Rett Syndrome

Rett Syndrome patients struggle with a range of motor and language challenges. Patients and their families find some relief from rehabilitation therapies, but intensive training is required and the results are typically modest. Researchers at the Texas Biomedical Device Center believe results can be improved by pairing vagus nerve stimulation (VNS) with traditional therapies. This pairing known as Targeted Plasticity Therapy (TPT) enhances neuroplasticity during therapy sessions to increase restoration of motor and auditory function lost due to Rett Syndrome.

Motor Research

Rett syndrome patients frequently struggle with abnormal or impaired movement, also known as motor dysfunction. In general, rehabilitation exercises help patients improve motor function by promoting beneficial changes in the brain networks responsible for motor control. Our research indicates that pairing VNS with rehabilitative therapy significantly improves motor function in animal models with motor deficits. Based on this data, our teams believe that pairing VNS with rehabilitative training will significantly enhance improvements in motor function for RTT patients. VNS is safe, FDA-approved, and currently used in 60,000 patients, including Rett patients with epilepsy.

Auditory Research

Individuals with Rett syndrome experience challenges with language processing. Abnormal neural processing of sounds appears to play a critical role in their communication difficulties. Our previous research has demonstrated that extensive speech training improves the ability to accurately discriminate speech sounds and alters auditory cortex responses. Recent studies in both humans and rodent models suggest that IGF-1 therapy could improve many of the symptoms observed in Rett syndrome. Our teams believe that IGF-1 therapy may improve speech processing in RTT patients. We are evaluating the ability of IGF-1 to reverse speech processing problems in Mecp2 (RTT model) rats using significant real world problems experienced by Rett syndrome patients.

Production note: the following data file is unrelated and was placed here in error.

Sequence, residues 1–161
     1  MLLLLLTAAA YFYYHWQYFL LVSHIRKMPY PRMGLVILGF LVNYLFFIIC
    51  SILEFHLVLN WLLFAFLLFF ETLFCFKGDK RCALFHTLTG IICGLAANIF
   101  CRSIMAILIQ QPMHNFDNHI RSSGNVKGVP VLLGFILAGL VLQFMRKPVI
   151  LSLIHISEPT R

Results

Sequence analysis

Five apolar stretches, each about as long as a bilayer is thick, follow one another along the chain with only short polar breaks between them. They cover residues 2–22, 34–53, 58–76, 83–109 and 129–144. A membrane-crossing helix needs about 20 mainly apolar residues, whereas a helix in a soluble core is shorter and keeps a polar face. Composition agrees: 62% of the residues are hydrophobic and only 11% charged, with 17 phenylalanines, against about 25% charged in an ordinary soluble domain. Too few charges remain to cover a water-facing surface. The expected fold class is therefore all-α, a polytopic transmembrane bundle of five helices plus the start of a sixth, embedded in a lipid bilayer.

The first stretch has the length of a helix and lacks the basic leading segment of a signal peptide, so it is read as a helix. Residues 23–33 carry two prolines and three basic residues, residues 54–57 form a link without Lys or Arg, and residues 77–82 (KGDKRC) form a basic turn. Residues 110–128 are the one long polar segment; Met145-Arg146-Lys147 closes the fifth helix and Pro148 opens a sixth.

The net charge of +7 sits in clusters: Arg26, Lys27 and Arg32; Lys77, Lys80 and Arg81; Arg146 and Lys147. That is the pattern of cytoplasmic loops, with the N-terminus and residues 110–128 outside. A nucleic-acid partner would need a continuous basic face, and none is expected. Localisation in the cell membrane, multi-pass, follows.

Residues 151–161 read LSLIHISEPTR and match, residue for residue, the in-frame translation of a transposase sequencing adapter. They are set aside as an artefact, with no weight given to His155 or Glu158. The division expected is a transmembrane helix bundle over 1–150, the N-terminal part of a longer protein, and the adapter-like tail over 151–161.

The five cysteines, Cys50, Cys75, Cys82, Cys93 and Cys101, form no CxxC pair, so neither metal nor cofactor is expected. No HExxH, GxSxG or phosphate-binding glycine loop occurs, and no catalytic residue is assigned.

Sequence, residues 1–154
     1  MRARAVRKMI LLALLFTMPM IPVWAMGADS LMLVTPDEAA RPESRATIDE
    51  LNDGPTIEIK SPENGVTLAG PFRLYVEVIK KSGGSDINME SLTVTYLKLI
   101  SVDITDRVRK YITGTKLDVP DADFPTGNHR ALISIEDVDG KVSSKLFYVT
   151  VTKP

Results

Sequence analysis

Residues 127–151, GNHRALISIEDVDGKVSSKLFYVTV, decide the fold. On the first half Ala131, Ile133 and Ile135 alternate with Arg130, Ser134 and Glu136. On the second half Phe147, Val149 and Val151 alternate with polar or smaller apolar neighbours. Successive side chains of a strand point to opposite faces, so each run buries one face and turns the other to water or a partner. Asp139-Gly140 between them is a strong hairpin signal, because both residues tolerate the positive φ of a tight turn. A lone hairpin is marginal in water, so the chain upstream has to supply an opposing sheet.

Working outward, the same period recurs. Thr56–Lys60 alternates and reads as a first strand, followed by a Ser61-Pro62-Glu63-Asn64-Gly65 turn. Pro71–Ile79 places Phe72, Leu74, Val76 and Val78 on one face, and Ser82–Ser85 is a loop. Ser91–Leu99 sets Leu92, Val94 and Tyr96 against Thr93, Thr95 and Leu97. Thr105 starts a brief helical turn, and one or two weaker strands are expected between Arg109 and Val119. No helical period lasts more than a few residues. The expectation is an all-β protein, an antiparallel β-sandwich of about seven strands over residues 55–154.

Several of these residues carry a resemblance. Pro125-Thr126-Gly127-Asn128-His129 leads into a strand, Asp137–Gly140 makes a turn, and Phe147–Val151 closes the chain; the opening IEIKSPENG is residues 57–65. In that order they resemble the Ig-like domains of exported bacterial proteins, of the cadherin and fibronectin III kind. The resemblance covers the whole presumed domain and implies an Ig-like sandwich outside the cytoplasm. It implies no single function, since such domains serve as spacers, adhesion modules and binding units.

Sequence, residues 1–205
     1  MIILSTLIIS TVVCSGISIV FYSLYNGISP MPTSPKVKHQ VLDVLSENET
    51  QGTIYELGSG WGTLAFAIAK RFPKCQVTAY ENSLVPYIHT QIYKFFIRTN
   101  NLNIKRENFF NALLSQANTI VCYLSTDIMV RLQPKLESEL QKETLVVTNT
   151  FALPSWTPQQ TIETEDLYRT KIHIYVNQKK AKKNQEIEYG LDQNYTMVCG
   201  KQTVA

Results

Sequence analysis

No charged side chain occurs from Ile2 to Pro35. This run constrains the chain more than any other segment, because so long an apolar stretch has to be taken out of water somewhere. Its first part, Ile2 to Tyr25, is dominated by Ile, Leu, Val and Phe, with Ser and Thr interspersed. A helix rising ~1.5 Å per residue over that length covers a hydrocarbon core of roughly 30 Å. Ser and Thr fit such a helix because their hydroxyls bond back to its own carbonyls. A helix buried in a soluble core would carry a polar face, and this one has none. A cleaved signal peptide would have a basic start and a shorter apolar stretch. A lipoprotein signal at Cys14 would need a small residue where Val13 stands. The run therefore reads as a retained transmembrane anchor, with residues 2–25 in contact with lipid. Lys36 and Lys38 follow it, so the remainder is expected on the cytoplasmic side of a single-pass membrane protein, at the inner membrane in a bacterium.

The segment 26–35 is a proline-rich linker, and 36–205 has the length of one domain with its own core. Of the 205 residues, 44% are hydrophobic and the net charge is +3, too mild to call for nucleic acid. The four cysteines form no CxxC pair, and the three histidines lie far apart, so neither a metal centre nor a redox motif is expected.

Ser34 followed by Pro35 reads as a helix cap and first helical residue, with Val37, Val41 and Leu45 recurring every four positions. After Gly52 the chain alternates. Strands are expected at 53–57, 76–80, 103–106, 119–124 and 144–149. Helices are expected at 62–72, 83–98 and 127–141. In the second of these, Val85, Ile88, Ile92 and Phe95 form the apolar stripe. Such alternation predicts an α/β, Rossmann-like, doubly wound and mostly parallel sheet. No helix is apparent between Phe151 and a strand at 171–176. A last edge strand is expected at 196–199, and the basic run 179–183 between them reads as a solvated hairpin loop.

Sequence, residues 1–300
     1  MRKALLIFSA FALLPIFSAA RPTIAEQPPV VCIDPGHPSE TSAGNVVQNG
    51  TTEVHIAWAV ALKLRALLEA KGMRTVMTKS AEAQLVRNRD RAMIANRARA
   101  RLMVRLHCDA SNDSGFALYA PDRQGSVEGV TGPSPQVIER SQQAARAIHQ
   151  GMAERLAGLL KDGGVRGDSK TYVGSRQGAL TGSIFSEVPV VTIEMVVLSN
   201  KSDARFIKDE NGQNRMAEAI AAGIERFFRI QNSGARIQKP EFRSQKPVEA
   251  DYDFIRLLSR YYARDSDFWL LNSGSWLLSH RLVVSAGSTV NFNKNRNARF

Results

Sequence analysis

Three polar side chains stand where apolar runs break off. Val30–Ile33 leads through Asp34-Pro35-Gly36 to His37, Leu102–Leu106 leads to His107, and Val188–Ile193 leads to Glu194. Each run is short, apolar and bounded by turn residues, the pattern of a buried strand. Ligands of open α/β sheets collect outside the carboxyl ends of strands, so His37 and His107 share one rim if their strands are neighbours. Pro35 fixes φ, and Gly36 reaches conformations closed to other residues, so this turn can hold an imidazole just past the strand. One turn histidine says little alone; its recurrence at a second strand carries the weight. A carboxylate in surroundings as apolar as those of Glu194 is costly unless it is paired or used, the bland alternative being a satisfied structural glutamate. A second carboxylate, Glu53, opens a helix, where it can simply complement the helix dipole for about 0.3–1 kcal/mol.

Developing an effective treatment for RTT will likely require a multifaceted approach, and current research only addresses a small portion of the constellation of symptoms that accompany the disease. However, insights derived from the research being conducted at TxBDC could lead to the development of effective therapies to treat motor challenges and enhance speech and language function. Our goal is to develop therapies that provide meaningful results, significantly improving the lives of individuals with Rett syndrome and their families.

Dr. Seth Hays and Dr. Michael Kilgard received HeART awards from in June, 2016, allowing this important research to continue.


Neurobiology of Disease: Degraded neural and behavioral processing of speech sounds in a rat model of Rett syndrome

In the News: Seth A. Hays, PhD and Michael Kilgard, PhD each receive HeART Awards from the Rett Syndrome Foundation which include grants totaling nearly $300,000

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